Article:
'Breathing Space to Survive' — The Missing Component of Model Rule 8.4(g)
30 Pages Posted: 20 Jan 2023
Date Written: May 1, 2022
It’s been over five years since the ABA promulgated Model Rule of Professional Conduct 8.4(g), and it has largely fallen flat. The major problem with Model Rule 8.4(g) is that it does not leave lawyers the “breathing space” required by the First Amendment. Harassment, discrimination, and inequality are dire problems in the United States and should be addressed and remedied. One can understand the laudable motive of eradicating anything that can be considered such in the legal profession. But broad prohibitions on speech do not comport with the First Amendment, are unlikely to be adopted, and, even if adopted, will be subjected to constitutional challenge and likely invalidated. Micromanagement of expressive activities — even among the legal profession — will not and should not survive First Amendment scrutiny and is also entirely unworkable in practice. Additionally, such micromanagement of expression tends towards discriminatory enforcement against those who are unpopular, who express unpopular views, or who fail to vigilantly guard their tongues.
More importantly, giving lawyers the constitutionally requisite “breathing space” is essential for the proper functioning of the lawyer in our system of justice. Indeed, the concept of “breathing space” is an established precept in the U.S. Supreme Court’s recognition and interpretive scope of lawyer First Amendment rights. In promulgating Model Rule 8.4(g) and Formal Opinion 493, the ABA failed to give heed to this core principle in several key contexts, thereby depriving lawyers of the requisite breathing space in the actual practice of law, in public discourse, at the workplace, and even in lawyers’ personal social activities. Breathing space is an essential aspect of each of these facets of a lawyer’s life and practice and is protected by the First Amendment. Moreover, clients need their lawyers to have breathing space — to be able to engage in cause lawyering, to be able to fully and frankly discuss the objectives of the representation and the issues involved even if such may involve discussion of matters that are derogatory or demeaning or manifest bias on one of the protected bases. By failing to provide breathing space, the Model Rule fails to serve its role as a model for states of a workable and constitutionally sound anti-discrimination and anti-harassment rule. Recent rules in New Hampshire, Maine, and Connecticut, and a proposal in New York, all make strides to regulate “with narrow specificity” as NAACP v. Button requires, providing essential breathing space, and each can serve as an actual “model rule” to other states that want to enact an anti-harassment or anti-discrimination rule that both protects lawyers’ First Amendment rights while also working to curb harassment and discrimination in the legal profession.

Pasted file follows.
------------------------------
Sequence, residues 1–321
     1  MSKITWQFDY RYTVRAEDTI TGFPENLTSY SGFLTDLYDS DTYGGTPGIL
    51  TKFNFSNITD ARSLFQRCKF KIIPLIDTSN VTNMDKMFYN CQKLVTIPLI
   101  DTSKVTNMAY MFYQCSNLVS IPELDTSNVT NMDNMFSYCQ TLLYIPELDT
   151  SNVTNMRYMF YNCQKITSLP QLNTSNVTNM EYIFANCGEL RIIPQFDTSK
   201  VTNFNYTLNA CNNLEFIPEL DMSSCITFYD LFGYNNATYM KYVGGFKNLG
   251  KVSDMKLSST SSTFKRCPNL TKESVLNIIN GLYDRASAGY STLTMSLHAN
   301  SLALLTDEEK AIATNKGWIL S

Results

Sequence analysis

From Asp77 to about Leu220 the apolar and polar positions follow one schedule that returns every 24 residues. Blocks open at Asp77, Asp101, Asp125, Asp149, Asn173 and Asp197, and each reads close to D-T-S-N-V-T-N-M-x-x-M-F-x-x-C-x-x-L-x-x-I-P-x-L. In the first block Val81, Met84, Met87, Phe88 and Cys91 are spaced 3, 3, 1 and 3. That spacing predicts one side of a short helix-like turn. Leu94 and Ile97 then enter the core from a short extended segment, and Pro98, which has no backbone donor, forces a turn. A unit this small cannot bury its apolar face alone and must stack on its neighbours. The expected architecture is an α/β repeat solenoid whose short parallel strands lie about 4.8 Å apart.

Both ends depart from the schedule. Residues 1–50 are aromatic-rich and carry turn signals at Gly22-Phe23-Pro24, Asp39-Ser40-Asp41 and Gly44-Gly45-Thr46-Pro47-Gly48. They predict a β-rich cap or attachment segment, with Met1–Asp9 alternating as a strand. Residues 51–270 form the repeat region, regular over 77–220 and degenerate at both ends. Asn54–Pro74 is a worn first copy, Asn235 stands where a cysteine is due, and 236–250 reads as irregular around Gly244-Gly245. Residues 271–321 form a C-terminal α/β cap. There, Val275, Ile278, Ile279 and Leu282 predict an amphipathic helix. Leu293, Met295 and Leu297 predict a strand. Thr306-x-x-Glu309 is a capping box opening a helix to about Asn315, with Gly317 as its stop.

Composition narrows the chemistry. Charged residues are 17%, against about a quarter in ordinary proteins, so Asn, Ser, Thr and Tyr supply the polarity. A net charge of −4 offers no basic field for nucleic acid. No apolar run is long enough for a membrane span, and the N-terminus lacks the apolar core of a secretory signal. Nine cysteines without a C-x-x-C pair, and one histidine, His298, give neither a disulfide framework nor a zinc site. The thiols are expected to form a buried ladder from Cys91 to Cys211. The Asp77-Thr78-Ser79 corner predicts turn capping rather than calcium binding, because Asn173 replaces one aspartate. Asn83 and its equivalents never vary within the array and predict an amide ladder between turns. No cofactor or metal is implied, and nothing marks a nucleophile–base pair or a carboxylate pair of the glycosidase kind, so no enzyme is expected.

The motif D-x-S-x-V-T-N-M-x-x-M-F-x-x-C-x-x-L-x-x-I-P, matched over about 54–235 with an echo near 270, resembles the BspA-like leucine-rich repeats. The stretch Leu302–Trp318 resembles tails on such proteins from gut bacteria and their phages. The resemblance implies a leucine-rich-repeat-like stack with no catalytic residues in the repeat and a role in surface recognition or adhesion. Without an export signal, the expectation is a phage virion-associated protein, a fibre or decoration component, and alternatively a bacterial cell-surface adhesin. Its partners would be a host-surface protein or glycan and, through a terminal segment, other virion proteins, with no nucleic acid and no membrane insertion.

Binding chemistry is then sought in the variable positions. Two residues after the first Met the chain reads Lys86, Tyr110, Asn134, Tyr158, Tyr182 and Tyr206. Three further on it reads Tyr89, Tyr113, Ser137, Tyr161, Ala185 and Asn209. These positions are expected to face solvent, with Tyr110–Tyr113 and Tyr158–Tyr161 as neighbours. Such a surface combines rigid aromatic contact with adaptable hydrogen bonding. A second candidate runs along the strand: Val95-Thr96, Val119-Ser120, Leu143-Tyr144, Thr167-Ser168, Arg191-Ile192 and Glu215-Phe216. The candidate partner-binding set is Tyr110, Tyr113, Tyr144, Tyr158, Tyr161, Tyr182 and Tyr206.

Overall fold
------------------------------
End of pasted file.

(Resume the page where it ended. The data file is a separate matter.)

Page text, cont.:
Keywords: Professional Responsibility, Lawyer First Amendment Rights, Lawyer Regulation, First Amendment, Antiharassment, Antidiscrimination, Rules of Professional Conduct, Model Rule of Professional Conduct 8.4(G), Aba Formal Opinion 493, Constitutional Law, Breathing Space, Lawyer Discipline, Free Speech
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